Thursday, June 28, 2007

Kremlin lays claim to huge chunk of oil-rich North Pole

Kremlin lays claim to huge chunk of oil-rich North Pole

It is already the world's biggest country, spanning 11 time zones and stretching from Europe to the far east. But yesterday Russia signalled its intention to get even bigger by announcing an audacious plan to annex a vast 460,000 square mile chunk of the frozen and ice-encrusted Arctic.

According to Russian scientists, there is new evidence backing Russia's claim that its northern Arctic region is directly linked to the North Pole via an underwater shelf. Under international law, no country owns the North Pole. Instead, the five surrounding Arctic states, Russia, the US, Canada, Norway and Denmark (via Greenland), are limited to a 200-mile economic zone around their coasts.

On Monday, however, a group of Russian geologists returned from a six-week voyage on a nuclear icebreaker. They had travelled to the Lomonosov ridge, an underwater shelf in Russia's remote and inhospitable eastern Arctic Ocean. According to Russia's media, the geologists returned with the "sensational news" that the Lomonosov ridge was linked to Russian Federation territory, boosting Russia's claim over the oil-and-gas rich triangle. The territory contained 10bn tonnes of gas and oil deposits, the scientists said.

Russia's Komsomolskaya Pravda newspaper celebrated the discovery by printing a large map of the North Pole. It showed the new "addition" to Russia - the size of France, Germany and Italy combined - under a white, blue and red Russian flag. Yesterday, however, some scientists doubted whether Russia's latest Arctic grab stood up to scrutiny. To extend a zone, a state has to prove that the structure of the continental shelf is similar to the geological structure within its territory. Under the current UN convention on the laws of the sea, no country's shelf extends to the North Pole. Instead, the International Seabed Authority administers the area around the pole as an international area.

"Frankly I think it's a little bit strange," Sergey Priamikov, the international co-operation director of Russia's Arctic and Antarctic Research Institute in St Petersburg, told the Guardian. "Canada could make exactly the same claim. The Canadians could say that the Lomonosov ridge is part of the Canadian shelf, which means Russia should in fact belong to Canada, together with the whole of Eurasia." Mr Priamikov said the area was one of breathtaking natural beauty. It was much drier, colder and quieter than the western Arctic, he added. "I've been there many times. It's an oasis for marine life," he said. Asked whether it would be feasible to drill for oil, he said: "Yes".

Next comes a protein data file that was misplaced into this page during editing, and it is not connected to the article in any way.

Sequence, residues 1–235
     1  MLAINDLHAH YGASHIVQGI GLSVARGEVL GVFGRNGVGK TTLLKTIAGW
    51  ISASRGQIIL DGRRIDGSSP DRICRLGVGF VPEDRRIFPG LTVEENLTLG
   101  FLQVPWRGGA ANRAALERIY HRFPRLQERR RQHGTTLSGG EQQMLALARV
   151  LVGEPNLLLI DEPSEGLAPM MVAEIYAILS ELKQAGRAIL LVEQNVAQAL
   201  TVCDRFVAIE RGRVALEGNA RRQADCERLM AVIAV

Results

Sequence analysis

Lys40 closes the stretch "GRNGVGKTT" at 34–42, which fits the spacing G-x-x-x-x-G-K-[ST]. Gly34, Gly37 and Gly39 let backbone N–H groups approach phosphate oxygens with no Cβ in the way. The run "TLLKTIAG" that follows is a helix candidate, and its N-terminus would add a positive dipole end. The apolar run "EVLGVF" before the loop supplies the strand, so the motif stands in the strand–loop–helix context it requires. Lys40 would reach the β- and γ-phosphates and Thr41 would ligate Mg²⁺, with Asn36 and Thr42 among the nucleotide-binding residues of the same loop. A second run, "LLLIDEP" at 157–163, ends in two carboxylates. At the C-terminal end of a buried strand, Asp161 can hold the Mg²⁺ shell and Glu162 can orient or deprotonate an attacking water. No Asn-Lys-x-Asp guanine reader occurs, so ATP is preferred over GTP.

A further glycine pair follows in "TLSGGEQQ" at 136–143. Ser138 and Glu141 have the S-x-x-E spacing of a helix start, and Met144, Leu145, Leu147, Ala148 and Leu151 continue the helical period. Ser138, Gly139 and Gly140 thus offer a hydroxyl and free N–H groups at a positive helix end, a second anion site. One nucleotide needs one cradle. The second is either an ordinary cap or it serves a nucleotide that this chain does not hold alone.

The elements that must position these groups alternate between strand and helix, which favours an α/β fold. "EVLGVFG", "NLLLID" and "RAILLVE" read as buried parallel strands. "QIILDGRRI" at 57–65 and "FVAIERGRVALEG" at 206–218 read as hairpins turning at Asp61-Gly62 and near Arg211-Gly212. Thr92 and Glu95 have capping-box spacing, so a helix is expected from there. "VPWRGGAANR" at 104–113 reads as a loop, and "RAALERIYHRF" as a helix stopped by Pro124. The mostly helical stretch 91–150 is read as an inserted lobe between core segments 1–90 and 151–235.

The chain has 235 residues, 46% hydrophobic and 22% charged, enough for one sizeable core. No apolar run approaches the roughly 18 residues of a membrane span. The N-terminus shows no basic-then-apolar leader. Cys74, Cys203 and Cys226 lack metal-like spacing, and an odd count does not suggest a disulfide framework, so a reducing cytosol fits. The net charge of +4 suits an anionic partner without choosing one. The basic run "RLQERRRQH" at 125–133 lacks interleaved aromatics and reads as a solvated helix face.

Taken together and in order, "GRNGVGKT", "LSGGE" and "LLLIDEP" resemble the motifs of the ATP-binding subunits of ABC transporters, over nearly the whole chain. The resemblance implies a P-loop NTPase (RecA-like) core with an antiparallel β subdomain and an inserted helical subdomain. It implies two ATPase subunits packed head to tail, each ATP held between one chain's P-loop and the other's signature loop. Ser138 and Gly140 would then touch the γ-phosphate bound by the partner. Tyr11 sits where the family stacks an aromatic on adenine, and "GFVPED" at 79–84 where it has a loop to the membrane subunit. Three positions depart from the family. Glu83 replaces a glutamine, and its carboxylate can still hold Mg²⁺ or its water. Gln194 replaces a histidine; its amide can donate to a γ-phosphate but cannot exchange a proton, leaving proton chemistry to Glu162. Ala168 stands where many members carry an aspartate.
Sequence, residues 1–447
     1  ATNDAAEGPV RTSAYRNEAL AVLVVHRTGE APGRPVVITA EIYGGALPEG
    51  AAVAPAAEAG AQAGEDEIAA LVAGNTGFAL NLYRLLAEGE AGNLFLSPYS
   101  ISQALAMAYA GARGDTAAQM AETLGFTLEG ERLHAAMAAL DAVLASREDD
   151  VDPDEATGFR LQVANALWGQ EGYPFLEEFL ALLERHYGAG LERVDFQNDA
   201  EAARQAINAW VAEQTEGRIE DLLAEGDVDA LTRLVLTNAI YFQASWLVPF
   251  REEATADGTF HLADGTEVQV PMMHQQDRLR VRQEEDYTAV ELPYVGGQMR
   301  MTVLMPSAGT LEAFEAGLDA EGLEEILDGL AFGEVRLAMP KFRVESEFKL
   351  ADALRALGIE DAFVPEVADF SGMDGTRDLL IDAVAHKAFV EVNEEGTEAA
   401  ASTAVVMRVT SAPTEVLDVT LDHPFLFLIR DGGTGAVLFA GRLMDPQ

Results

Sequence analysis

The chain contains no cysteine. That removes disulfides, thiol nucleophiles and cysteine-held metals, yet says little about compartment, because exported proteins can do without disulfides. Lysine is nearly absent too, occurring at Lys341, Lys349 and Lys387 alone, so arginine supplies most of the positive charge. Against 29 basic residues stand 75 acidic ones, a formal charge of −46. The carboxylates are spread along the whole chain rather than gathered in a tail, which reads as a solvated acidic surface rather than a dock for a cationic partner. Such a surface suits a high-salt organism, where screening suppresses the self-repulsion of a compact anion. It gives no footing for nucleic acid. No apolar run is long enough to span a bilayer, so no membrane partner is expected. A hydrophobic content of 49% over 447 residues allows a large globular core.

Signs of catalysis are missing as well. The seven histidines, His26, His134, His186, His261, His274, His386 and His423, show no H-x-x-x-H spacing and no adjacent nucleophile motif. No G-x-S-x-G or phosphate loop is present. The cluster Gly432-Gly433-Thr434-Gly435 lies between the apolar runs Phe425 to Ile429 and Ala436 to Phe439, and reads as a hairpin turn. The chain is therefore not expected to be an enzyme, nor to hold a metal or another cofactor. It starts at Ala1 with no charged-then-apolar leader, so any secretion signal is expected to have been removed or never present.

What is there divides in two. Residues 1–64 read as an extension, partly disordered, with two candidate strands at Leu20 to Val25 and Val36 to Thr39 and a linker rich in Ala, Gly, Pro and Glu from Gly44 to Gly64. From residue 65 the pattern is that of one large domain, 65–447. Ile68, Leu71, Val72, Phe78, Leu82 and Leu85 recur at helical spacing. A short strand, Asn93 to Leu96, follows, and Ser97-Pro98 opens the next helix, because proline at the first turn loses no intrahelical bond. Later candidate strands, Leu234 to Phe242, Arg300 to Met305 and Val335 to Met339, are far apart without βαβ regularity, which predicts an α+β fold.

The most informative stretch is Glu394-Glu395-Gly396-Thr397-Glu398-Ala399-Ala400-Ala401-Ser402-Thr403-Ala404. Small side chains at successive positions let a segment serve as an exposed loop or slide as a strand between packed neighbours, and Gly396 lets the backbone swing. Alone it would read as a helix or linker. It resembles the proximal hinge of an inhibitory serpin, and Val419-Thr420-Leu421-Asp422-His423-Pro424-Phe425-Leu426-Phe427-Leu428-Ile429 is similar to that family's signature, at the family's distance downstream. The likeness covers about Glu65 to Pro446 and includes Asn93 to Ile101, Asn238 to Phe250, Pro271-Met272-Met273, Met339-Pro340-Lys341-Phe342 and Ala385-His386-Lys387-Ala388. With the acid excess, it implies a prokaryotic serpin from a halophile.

The shelf was 200 metres deep and oil and gas would be easy to extract, especially with ice melting because of global warming, he said. Russia has the world's largest gas reserves. It is the second largest exporter of oil after Saudi Arabia. The Kremlin is keen to secure Russia's long-term hegemony over global energy markets, and to find new sources of fuel. Russia first made a submission in 2001 to the UN commission on the limits of the continental shelf, seeking to push Russia's maritime borders beyond the existing 200-mile zone. It was rejected.

But the latest scientific findings are likely to prompt Russia to lodge another confident bid - and will alarm the US, which is mired in a 13-year debate over ratification of a UN treaty governing international maritime rights. The Law of the Sea Treaty is the world's primary means of settling disputes over exploitation rights and navigational routes in international waters. Russia and 152 other countries have ratified it. But the US has refused, arguing it gives too much power to the UN. If the US does not ratify it, Russia's bid for the Arctic's energy wealth will go unchallenged, proponents believe.